Root Mean Square Error, Bias, and Standard Deviation (Std) Results of the First Experiment^{a}

Backscatter Cross-section ${\nu}_{+}$

RMSE

Bias

Std

Relative to standard approach, reduced by a factor of

Standard approach

1

1

1

Standard approach with block avg.

6

6

6

New approach

190

104

200

Optical Depth$\mathbf{\tau}$

RMSE

Bias

Std

Relative to standard approach, reduced by a factor of

Standard approach

1

1

1

Standard approach with block avg.

2

2

2

New approach

7

2

13

All results are expressed by a factor of reduction relative to the standard approach (Algorithm 1), i.e., the RMSE backscatter cross-section of the new approach is 190 times less than the RMSE backscatter cross-section of the standard approach; the larger the number is, the better. The reduction of, say, the RMSE in regards to the backscatter cross-section ${\nu}_{+}$ was calculated by taking the ratio of RMSE of the standard approach and the RMSE of the new approach (Algorithm 2). From the first five rows, we see that the backscatter cross-section of the new approach attains better performance, compared to the standard approach without (Algorithm 1) and with block averaging (Algorithm 1a). The optical depth $\tau $ estimates are also improved. This is because the new approach uses the actual noise model to find an estimates of the backscatter cross-section and optical depth, and these parameters are inferred as a piecewise smooth images rather than a collection of unrelated values. In contrast, the standard approach infers the backscatter cross-section and optical depth from individual profiles and any spatial and temporal information is not utilized, except for when block averaging is employed, which is clearly suboptimal.

Table 3.

Root Mean Square Error, Bias, and Standard Deviation (Std) Results of the Second Experiment^{a}

Backscatter Cross-section ${\nu}_{+}$

RMSE

Bias

Std

Relative to standard approach, reduced by a factor of

Standard approach

1

1

1

New approach

48

12

80

Optical Depth$\mathit{\tau}$

RMSE

Bias

Std

Relative to standard approach, reduced by a factor of

Standard approach

1

1

1

New approach

16

5

25

Alternative approach

6

4

7

Extinction Cross-section$\mathit{\beta}$

RMSE

Bias

Std

Relative to standard approach, reduced by a factor of

Standard approach

1

1

1

New approach

5

8

3

Alternative approach

0

1

0

Lidar Ratio$\mathit{\mu}$

RMSE

Bias

Std

Relative to standard approach, reduced by a factor of

Standard approach

1

1

1

New approach

$5.17\mathrm{e}+10$

$1.06\mathrm{e}+10$

$2.11\mathrm{e}+11$

Alternative approach

$4.10\mathrm{e}+05$

$4.07\mathrm{e}+05$

$4.10\mathrm{e}+05$

All results are expressed by a factor of reduction relative to the standard approach (Algorithm 1), i.e., the RMSE backscatter cross-section of the new approach is 48 times less than the RMSE backscatter cross-section of the standard approach; the larger the number is, the better. The reduction of, say, the RMSE in regards to the extinction cross-section $\beta $ was calculated by taking the ratio of RMSE of the standard approach and the RMSE of the new approach. In all accounts, the new approach (Algorithm 2) is able to infer the optical depth $\tau $, extinction cross-section $\beta $, and lidar ratio $\mu $ at a better accuracy compared to the standard and alternative approaches. The new approach is able to achieve smaller RMSE values for the extinction cross-section because it uses the previously estimated backscatter cross-section to infer the lidar ratio. The lidar ratio is constrained to be spatial piecewise constant using the total variation smoothness constraint. It follows, then, that the inferred optical depth of the new approach also has a higher accuracy, compared to the other approaches. The standard approach lidar ratio estimates are very inaccurate relative to the new and alternative approaches. This is because the lidar ratio of the standard approach is the ratio of the extinction and backscatter cross-sections, and residual noise in the backscatter cross-section increases the standard deviation of the lidar ratio estimate.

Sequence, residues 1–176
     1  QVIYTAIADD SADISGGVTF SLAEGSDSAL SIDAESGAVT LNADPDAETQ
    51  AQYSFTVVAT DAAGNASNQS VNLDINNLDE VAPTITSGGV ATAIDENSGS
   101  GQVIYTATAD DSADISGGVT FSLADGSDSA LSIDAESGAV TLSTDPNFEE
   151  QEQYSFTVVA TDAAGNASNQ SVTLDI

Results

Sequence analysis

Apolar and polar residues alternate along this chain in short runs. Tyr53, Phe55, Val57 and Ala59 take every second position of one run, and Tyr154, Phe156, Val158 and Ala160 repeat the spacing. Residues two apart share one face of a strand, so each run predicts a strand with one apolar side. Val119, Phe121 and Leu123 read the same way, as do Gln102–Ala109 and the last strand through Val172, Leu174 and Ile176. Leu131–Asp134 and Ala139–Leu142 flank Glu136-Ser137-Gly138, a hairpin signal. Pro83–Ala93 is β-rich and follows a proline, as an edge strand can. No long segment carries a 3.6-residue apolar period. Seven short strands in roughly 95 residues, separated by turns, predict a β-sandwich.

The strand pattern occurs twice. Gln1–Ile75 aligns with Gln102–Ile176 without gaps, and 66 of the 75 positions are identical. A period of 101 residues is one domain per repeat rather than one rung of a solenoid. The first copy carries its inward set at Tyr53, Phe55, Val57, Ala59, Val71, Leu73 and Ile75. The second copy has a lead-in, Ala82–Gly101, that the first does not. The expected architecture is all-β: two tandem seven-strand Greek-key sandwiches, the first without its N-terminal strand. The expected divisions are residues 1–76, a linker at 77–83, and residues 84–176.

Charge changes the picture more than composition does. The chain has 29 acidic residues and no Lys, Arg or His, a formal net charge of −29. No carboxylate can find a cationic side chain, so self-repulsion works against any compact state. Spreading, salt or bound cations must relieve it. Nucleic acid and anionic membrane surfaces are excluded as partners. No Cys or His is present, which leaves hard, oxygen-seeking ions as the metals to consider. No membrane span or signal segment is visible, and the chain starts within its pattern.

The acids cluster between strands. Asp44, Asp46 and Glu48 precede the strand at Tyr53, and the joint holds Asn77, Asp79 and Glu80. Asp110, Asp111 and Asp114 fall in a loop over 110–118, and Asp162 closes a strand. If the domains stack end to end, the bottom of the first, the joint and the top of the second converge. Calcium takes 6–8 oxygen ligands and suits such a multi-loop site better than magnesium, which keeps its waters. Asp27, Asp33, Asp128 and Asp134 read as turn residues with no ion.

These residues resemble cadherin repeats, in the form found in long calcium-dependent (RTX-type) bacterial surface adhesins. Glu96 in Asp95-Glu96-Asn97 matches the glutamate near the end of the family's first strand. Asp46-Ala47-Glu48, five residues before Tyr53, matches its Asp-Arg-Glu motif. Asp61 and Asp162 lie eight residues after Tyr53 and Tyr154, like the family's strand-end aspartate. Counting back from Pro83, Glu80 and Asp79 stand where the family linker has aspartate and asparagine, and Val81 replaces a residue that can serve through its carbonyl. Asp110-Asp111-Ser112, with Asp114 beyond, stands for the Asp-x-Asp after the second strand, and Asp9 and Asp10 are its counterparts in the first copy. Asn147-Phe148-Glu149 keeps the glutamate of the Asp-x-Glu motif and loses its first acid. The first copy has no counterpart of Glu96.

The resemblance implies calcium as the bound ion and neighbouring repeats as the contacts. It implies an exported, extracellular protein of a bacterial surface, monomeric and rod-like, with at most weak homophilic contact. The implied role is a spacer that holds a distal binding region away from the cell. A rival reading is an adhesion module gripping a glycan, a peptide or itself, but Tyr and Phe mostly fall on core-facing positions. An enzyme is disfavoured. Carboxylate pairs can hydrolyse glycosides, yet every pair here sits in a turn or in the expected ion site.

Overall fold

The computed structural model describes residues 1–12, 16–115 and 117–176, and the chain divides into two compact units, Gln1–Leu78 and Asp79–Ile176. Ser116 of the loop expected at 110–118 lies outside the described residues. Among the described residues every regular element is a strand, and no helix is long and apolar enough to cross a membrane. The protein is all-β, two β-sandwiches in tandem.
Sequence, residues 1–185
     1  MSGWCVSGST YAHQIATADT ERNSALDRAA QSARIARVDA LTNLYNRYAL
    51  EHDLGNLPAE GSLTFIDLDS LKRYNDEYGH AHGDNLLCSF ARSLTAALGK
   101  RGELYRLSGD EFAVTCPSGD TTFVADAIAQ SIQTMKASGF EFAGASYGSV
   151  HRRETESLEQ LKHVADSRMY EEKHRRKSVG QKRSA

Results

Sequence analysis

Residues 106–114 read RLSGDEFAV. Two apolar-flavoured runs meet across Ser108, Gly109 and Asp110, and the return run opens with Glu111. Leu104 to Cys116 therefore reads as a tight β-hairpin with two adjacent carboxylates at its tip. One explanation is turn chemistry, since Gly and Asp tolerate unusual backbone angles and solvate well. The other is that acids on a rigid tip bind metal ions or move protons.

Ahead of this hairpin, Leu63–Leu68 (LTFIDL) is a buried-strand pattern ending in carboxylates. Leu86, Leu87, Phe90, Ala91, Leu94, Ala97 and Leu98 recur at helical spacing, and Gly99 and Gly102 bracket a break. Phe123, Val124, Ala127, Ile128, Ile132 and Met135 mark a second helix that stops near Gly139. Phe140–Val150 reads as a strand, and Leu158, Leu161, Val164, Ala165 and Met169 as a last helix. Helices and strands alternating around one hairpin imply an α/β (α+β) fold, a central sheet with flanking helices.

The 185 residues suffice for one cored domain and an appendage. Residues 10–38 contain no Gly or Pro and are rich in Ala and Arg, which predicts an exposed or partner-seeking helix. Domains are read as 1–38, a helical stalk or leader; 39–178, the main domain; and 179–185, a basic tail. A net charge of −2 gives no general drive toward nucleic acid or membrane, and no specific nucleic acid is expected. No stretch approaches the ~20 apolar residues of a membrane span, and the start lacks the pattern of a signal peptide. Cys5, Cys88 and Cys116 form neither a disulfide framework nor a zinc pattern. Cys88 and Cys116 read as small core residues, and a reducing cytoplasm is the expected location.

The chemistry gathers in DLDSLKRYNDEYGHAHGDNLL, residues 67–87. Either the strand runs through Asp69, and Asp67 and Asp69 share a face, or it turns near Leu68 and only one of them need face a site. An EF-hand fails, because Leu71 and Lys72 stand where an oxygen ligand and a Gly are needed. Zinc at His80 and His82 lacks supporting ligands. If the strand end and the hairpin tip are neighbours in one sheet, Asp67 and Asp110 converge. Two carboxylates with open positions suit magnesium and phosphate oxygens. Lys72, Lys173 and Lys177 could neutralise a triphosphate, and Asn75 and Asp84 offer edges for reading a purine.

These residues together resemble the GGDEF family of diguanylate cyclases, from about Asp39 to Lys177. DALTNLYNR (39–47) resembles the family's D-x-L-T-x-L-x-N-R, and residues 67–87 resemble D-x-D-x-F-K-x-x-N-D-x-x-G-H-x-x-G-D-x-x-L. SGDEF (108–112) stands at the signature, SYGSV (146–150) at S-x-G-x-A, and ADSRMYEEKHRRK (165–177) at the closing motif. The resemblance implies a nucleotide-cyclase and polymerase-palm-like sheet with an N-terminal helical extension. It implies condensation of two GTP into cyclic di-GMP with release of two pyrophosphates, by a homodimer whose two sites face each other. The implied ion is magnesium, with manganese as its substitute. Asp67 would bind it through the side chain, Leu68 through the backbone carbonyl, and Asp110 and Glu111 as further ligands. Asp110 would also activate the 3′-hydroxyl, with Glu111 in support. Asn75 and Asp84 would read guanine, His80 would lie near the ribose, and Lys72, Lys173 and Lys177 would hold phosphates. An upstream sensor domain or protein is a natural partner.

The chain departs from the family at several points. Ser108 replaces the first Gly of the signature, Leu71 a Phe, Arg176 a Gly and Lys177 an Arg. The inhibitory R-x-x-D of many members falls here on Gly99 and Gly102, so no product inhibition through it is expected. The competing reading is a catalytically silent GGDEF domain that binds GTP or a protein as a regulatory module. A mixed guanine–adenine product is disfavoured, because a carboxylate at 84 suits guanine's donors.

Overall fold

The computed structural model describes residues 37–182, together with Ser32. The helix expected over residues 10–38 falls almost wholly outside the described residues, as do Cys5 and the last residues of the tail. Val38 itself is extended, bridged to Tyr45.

Tables (8)

Table 1.

Non-Exhaustive List of Symbols Used in this Paper^{a}

A short description of each symbol is given, as well as the type of variable (matrix or scalar) and the location where the symbol was introduced.

Algorithm 1

The standard approach in inferring the backscatter ${\mathsf{\nu}}_{+}$ and extinction $\mathsf{\beta}$ cross-sections, the lidar ratio $\mathsf{\mu}$, and the optical depth $\mathsf{\tau}$. The tuning parameters of ${\mathsf{F}}^{\mathsf{Low}}$ are set by a lidar expert. Note that whenever the unknown parameters are estimated with this algorithm, it is indicated by a superscript $\mathsf{alg}-\mathsf{1}$

Let ${F}^{\mathrm{Low}}(\xb7)$ be a low-pass filter function, and let ${F}^{\mathrm{Diff}}(\xb7)$ be a discrete derivative operator.

1: /*Estimate optical depth*/

2: ${\widehat{\tau}}^{\mathrm{alg}-1}$ ← plug ${Y}_{c}$ and ${Y}_{m}$ into Eq. (11)

The standard approach with averaging in inferring the backscatter ${\mathsf{\nu}}_{+}$ and extinction $\mathsf{\beta}$ cross-sections, the lidar ratio $\mathsf{\mu}$, and the optical depth $\mathsf{\tau}$. The tuning parameters of ${\mathsf{F}}^{\mathsf{Avg}}$ are set by a lidar expert or an automated system, which are determined by some objective criteria. Note that whenever the unknown parameters are estimated with this algorithm, it is indicated by a superscript $\mathsf{alg}-\mathsf{1}\mathsf{a}$

Let ${F}^{\mathrm{Avg}}(\xb7)$ be an averaging function, i.e., block averaging.

4: Execute Algorithm 1 using ${Y}_{c}^{\mathrm{Avg}}$ and ${Y}_{m}^{\mathrm{Avg}}$ to get estimates of the backscatter ${\nu}_{+}$ and extinction $\beta $ cross-sections, the lidar ratio $\mu $, and the optical depth $\tau $. Denote these estimates by ${\widehat{\nu}}_{+}^{\mathrm{alg}-1a}$, ${\widehat{\beta}}^{\mathrm{alg}-1a}$, ${\widehat{\mu}}^{\mathrm{alg}-1a}$, and ${\widehat{\tau}}^{\mathrm{alg}-1a}$.